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[UPDATE: This has become my most frequently read blog post of all. I’m guessing that’s because a large number of undergraduate students come here wondering what Body Ritual among the Nacirema means. If that’s you, welcome! I would just ask two things of you: first, please do read Body Ritual and try to figure it out for yourself first before reading this post, and second, once you have read the post below, don’t spoil it for everyone else.]

One of the most important anthropological studies to be conducted in the past century is Horace Miner’s (very short) 1956 classic Body Ritual among the Nacirema. If you haven’t read it, you owe it to yourself to follow the link now and examine Miner’s penetrating insights into one of the most unusual cultural groups yet to be studied by ethnographers. Please do read the essay before you read the rest of this blog post, as the post won’t be very helpful without it.

(Scroll down to read the rest of the post.)

 

 

 

 

 

 

 

 

 

 

 

 

 

 

Strange and incomprehensible rituals, aren’t they? At least, that’s how they seem at first. But if you haven’t figured it out yet: what does “Nacirema” spell backwards?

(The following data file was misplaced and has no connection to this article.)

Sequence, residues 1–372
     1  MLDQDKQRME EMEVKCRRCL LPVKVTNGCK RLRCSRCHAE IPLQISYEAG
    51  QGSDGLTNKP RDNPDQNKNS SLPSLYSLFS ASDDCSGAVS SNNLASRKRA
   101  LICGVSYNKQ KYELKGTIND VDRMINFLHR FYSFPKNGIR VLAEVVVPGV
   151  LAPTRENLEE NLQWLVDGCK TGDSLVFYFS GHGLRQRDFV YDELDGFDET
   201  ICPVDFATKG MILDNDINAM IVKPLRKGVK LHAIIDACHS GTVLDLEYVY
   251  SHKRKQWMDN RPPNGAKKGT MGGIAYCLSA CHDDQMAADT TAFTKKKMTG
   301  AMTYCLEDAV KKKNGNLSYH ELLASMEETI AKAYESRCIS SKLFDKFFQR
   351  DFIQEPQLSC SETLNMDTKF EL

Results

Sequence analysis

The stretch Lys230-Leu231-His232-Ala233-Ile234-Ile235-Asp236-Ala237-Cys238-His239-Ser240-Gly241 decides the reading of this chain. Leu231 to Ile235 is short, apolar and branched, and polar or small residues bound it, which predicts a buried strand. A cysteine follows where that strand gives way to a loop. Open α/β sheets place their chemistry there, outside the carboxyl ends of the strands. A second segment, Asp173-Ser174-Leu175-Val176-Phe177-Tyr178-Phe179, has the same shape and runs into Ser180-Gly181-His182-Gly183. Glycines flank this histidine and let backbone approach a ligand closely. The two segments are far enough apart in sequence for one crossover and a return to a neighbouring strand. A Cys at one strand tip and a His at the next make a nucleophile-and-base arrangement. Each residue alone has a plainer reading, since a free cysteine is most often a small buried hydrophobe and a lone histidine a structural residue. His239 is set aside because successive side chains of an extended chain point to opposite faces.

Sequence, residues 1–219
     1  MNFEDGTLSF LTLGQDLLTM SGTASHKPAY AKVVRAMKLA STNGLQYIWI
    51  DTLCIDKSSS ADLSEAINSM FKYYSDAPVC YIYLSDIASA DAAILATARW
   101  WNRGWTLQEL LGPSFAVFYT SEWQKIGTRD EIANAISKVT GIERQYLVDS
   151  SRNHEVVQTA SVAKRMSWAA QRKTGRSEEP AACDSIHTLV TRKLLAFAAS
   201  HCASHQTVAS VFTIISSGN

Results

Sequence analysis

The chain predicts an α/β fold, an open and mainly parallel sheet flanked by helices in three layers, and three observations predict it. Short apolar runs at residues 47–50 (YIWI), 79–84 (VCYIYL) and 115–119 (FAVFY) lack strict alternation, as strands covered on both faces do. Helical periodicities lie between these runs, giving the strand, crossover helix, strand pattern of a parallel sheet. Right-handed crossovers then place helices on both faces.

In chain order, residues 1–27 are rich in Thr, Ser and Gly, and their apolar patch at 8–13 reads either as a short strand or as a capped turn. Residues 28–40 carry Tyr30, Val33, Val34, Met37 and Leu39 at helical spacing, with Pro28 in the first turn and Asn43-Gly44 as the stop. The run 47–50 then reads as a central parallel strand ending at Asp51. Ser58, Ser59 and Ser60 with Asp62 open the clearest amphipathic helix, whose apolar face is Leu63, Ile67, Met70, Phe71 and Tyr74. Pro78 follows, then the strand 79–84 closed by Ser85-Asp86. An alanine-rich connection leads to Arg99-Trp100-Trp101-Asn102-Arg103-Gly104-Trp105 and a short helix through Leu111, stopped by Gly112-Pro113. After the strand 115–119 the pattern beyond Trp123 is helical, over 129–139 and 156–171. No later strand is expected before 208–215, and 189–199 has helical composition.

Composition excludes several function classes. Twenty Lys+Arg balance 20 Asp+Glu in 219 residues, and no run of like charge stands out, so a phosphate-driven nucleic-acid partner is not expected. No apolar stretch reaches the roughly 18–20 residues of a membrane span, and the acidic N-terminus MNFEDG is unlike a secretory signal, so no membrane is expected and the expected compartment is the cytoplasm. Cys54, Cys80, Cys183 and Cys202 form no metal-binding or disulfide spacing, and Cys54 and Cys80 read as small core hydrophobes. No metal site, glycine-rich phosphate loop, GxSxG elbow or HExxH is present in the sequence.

The obsessive and sadomasochistic bodily rituals that Miner describes with such scope are our own, not only among the Americans but among most Western cultures, and increasingly in the rest of the world as well: bathrooms, toothbrushes, nurses, dentists. But described in the language of the outsider, these things all come to look strange. (They also come to look like “religion,” another reason I don’t care much for the concept.)

There are many messages that one can take away from Miner’s exercise. In my view, one of the most important is that other cultures are not as different from ours as we often think they are.

I think that my post on performance theory was too strongly phrased; it sounds as if I’m saying we should always understand other cultures’ myths in terms of their content and not their effects, and understand rituals in terms of their meaning rather than effect. But I don’t believe this. I’ve been thinking about the point since writing my recent Christmas posts. In both of these posts (and the comments below) I was effectively arguing that certain rituals and myths are best viewed through something like a performative lens: the rituals are best understood as preserving family tradition, the myths as stories that delight children despite their being false statements. It’s just that these particular rituals and myths, of course, are ours: the rituals of Christmas and the myth of Santa Claus.

So indeed, the fundamental point of ritual and myth can very often be in what they do, not merely in what they mean. But that’s as true of our own cultures as it is of others’. Sometimes they make claims regardless of their truth, because of those claims’ effects; and sometimes they perform traditional actions regardless of their meaning or cognitive content. But so do we. Like us, they make statements about the physical world and its causal processes; the fact that those statements seem bizarre to us does not mean that people were only saying them for their effects.

(Sorry for the long gap in the post. I just didn’t want to give the game away, for those encountering Miner for the first time.)